A Pre-Columbian Bestiary

Fantastic Creatures of Indigenous Latin America

By (author) Ilan Stavans Illustrated by Eko

Hardback - £14.95

Publication date:

30 October 2020

Length of book:

116 pages


Penn State University Press

ISBN-13: 9780271087870

An encyclopedic collaboration between award-winning Mexican American scholar Ilan Stavans and illustrator Eko, A Pre-Columbian Bestiary features lively and informative descriptions of forty-six religious, mythical, and imaginary creatures from the Nahua, Aztec, Maya, Tabasco, Inca, Aymara, and other cultures of Latin America.

From the siren-like Acuecuéyotl and the water animal Chaac to the class-conscious Oc and the god of light and darkness Xólotl, the magnificent entities in this volume belong to the same family of real and invented creatures imagined by Dante, Franz Kafka, C. S. Lewis, Jorge Luis Borges, Umberto Eco, and J. K. Rowling. They are mined from indigenous religious texts, like the Popol Vuh, and from chronicles, both real and fictional, of the Spanish conquest by Diego Durán, Bernal Díaz del Castillo, and Fernando de Zarzamora, among others. In this playful compilation, Stavans distills imagery from the work of magic realist masters such as Juan Rulfo and Gabriel García Márquez; from songs of protest in Mexico, Guatemala, and Peru; and from aboriginal beasts in Jewish, Muslim, European, British, and other traditions. In the spirit of imaginative invention, even the bibliography is a mixture of authentic and concocted material.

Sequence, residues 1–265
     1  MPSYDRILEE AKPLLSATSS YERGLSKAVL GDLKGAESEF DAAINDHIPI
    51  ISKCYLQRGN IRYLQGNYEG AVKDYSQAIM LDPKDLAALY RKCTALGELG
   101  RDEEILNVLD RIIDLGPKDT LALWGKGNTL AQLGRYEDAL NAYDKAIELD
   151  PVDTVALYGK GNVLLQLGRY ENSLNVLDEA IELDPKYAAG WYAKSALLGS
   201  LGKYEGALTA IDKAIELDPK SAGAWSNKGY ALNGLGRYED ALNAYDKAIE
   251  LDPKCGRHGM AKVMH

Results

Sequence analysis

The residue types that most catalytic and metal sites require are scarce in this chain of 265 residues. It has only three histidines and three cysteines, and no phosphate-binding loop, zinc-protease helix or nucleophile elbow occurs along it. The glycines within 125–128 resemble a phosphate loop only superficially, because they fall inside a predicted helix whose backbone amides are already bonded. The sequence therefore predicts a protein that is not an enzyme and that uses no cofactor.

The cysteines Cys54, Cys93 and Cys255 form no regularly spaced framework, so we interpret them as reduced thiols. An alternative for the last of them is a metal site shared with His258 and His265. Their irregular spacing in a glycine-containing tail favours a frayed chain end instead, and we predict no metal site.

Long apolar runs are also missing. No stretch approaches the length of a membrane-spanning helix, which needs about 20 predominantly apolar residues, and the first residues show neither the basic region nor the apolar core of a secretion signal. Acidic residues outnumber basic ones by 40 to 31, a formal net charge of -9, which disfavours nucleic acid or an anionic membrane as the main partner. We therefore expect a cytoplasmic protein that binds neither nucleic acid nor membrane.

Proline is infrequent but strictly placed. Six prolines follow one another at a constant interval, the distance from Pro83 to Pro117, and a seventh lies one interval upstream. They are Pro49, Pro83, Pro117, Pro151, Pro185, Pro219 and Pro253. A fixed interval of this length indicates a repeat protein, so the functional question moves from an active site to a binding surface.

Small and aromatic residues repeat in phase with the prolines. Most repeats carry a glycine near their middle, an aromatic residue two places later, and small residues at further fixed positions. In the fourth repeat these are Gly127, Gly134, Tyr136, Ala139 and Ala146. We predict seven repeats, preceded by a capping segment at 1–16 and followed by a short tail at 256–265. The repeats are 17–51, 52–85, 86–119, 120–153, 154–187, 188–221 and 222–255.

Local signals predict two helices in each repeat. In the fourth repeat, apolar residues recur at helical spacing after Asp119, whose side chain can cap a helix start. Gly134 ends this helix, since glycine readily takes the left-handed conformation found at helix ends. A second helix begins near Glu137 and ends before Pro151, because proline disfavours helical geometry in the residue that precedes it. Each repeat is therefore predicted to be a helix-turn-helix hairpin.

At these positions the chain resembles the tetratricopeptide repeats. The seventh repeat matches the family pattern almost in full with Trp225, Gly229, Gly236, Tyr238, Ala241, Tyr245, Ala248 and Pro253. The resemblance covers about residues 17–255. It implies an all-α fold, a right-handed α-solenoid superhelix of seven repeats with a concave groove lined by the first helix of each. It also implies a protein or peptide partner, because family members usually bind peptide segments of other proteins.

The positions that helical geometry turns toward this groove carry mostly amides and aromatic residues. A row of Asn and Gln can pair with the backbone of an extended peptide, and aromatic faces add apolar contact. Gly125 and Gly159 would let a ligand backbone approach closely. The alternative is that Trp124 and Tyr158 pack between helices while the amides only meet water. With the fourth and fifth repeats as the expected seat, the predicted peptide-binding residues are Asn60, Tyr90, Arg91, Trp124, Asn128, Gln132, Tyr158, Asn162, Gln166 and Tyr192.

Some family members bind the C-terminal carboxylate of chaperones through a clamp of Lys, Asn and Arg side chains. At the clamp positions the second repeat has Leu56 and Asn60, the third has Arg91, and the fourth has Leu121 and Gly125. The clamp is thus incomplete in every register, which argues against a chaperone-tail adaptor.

An inspiring record of resistance and memory from a civilization whose superb pantheon of myths never ceases to amaze, A Pre-Columbian Bestiary will delight anyone interested in the history and culture of Latin America.

“The imaginary and real beings described by Ilan Stavans with whimsy, wit, irony, and, most of all, wonder, emerge from the pre-Columbian and colonial Americas to remind us that even in our own decolonial times, the imaginary and the nonimaginary, the fantastic and the historical, the speculative and the real continue to coincide in the Americas on the elusive line between fact and fiction, where ‘what is known and what is hoped for intermingle.’”

—Ramón Saldívar, author of The Borderlands of Culture: Américo Paredes and the Transnational Imaginary